NZD/USD falls to 0.7300 after US jobs report but NZD/AUD holds all its gains
Monday 5 February, 2018
Daily Currency UpdateThe New Zealand Dollar began last week very much on the back foot after the disappointments of the December quarter CPI report. NZD/USD opened around 0.7350 and as a sell-off gathered pace - eventually taking it down to 0.7283 - so the AUD/NZD cross hit 110.70; its highest level since December 5th. From that point on, though, it was good news all the way for the NZD, kicking off with the monthly trade numbers, then a Standard and Poor’s ratings affirmation and finally a very positive opinion poll for Prime Minister Jacinda Ardern, which helped push NZD/USD to its best level of the week at 0.7415. Friday was a dramatic day for the US Dollar, as well as for stock and bond markets around the world. Immediately prior to the US labour market report, NZD/USD stood at 0.7360; pretty much in the middle of the week’s trading range. Just a few hours later it was testing 0.7300 as the USD rebounded sharply. It would be wrong to conclude that this was a poor performance by the Kiwi Dollar; if we look at the very important AUD/NZD cross, it moved down from a 7-week high last Monday of 1.1070 all the way to 1.0850; its lowest since the September Election. The first RBNZ policy meeting of the year is on Thursday this week. Analysts are confident and unanimous that there will be no change in interest rates. Nor are they generally expecting much change to the Central Bank’s forecast track for interest rates, though the markets’ view on the timing of the first hike in early 2019 is a bit later than the RBNZ has so far penciled-in. The quarterly employment report is on Wednesday after the Waitangi Day national holiday on February 6th. The New Zealand Dollar opens in Asia today having closed in New York on Friday at USD0.7305 and AUD/NZD1.0850.
Key MoversThe Aussie Dollar was the worst performer amongst the major currencies in what turned out to be a very volatile week across asset classes. After a soft set of CPI data and a manufacturing PMI report which was nothing like as strong as the accompanying text would have suggested, AUD/USD was briefly back below 80 cents on Friday morning and immediately before the latest US employment report was trading around 0.7990. The US Dollar had not gained any support from rising US bond yields all week, but news of a 2.9% y/y increase in US average earnings (the highest since 2009) pushed 10-year Treasuries to 2.84% and the USD surged as analysts began to pencil in a 4th rate hike in the US for 2018. Rising bond yields and a higher USD had a dramatic effect on the equity market with the Dow Jones Industrial Average spookily down 666 points by the close; a 2.5% daily drop and the worst day of the Trump Presidency. The weekend has seen a lot of commentary about how this is a ‘normal correction’. What is absolutely not normal in recent experience, however, is that bond yields rose even as stocks tanked. In every other correction of the post-GFC era, the assumption has always been that falling stocks would be accompanied or immediately followed by lower bond yields. This hasn’t happened this time around. Maybe it really is different? We’ll see what the RBA has to say – if anything – about the value of the currency when it sits down to its first Board meeting of the new year next tomorrow and on Friday when it releases its latest Quarterly Statement of Monetary Policy. Before that, there are two service sector PMI reports this morning and the Melbourne Institute monthly inflation gauge. The Australian Dollar begins this first full week of the month having closed in New York on Friday at USD0.7920, with AUD/NZD at 1.0850 and GBP/AUD1.7825.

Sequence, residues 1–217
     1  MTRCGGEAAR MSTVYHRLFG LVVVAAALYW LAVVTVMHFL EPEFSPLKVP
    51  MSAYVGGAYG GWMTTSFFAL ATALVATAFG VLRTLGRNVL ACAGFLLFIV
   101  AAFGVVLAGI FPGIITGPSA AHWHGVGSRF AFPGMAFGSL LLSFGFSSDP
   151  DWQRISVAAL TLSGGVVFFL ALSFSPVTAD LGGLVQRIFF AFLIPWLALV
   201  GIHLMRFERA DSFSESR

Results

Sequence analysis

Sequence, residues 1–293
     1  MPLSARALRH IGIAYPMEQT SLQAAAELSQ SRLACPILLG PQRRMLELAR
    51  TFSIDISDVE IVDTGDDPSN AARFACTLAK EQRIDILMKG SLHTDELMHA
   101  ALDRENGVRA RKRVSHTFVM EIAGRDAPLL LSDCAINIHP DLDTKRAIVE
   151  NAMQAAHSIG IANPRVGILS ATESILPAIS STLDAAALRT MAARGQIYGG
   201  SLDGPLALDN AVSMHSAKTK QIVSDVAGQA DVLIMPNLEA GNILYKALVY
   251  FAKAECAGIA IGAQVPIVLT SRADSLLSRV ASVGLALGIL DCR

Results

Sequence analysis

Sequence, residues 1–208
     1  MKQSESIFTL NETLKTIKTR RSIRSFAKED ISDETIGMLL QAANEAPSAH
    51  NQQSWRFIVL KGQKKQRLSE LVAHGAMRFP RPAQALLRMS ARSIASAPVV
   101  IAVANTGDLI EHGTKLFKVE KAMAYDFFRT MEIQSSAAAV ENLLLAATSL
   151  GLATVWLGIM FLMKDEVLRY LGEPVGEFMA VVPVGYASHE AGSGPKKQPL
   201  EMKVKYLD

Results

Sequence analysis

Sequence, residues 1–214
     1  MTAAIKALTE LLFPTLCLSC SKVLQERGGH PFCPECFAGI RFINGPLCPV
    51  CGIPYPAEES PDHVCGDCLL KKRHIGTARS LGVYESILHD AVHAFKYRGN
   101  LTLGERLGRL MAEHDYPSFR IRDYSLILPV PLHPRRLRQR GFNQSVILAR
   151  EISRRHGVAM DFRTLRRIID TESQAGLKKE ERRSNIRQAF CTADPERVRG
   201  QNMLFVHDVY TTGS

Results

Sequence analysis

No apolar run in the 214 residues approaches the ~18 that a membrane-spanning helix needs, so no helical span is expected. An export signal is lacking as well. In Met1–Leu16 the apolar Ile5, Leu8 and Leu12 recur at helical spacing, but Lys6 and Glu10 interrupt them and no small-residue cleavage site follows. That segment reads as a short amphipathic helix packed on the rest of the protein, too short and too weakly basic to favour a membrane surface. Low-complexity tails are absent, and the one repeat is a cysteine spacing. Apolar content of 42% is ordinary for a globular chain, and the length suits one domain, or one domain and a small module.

The remarkable weeks just keep coming for the British Pound, though this time it was remarkable because GBP/USD actually finished pretty much unchanged having traded in a high-low range of 2¾ cents. After opening around 1.4135 in Asia last Monday morning, the GBP then broke its 11-day streak of never testing the previous day’s low; a sequence which had seen it rally from USD1.3450 all the way up to 1.4330. With that record gone, GBP/USD broke below 1.40 on Tuesday morning but just as it looked set for a big fall, it rallied sharply in line with all the non-US currencies and by Thursday it was back up at 1.4275. There was little or nothing in terms of incoming economic data last week which would justify a higher GBP. If anything, the news was very much on the negative side of the ledger. But, immediately prior to Friday’s US labour market report, GBP/USD stood at 1.4220. By close of business it had fallen almost exactly a cent to 1.4125. We said on Friday that, “the weekend Press is unlikely to be kind to the government, and Prime Minister May returns from her China trip with even more uncertainty about her own future and her ability to successfully negotiate a post-Brexit deal.” This is exactly how it has turned out, with rumours of a leadership challenge and pressure on the PM to clarify her own intentions. For the week ahead, there’s a Bank of England MPC meeting on Thursday. In his appearance before a House of Lords Select Committee last Thursday, BoE Governor Carney hinted that the Bank is preparing to upgrade the forecasts in its Inflation Report. “I would expect that in 2019 we will see a pick-up in this economy all things being equal – strong global growth, greater certainty... A disorderly Brexit, not a likely scenario at all, is less likely than at the time we did the assessment in the fall.” Whether the Bank’s relative optimism will outweigh the political negatives, however, remains to be seen. The Pound opens in Asia this morning having closed in New York on Friday at USD1.4125, GBP/AUD1.7825 and GBP/NZD1.9335.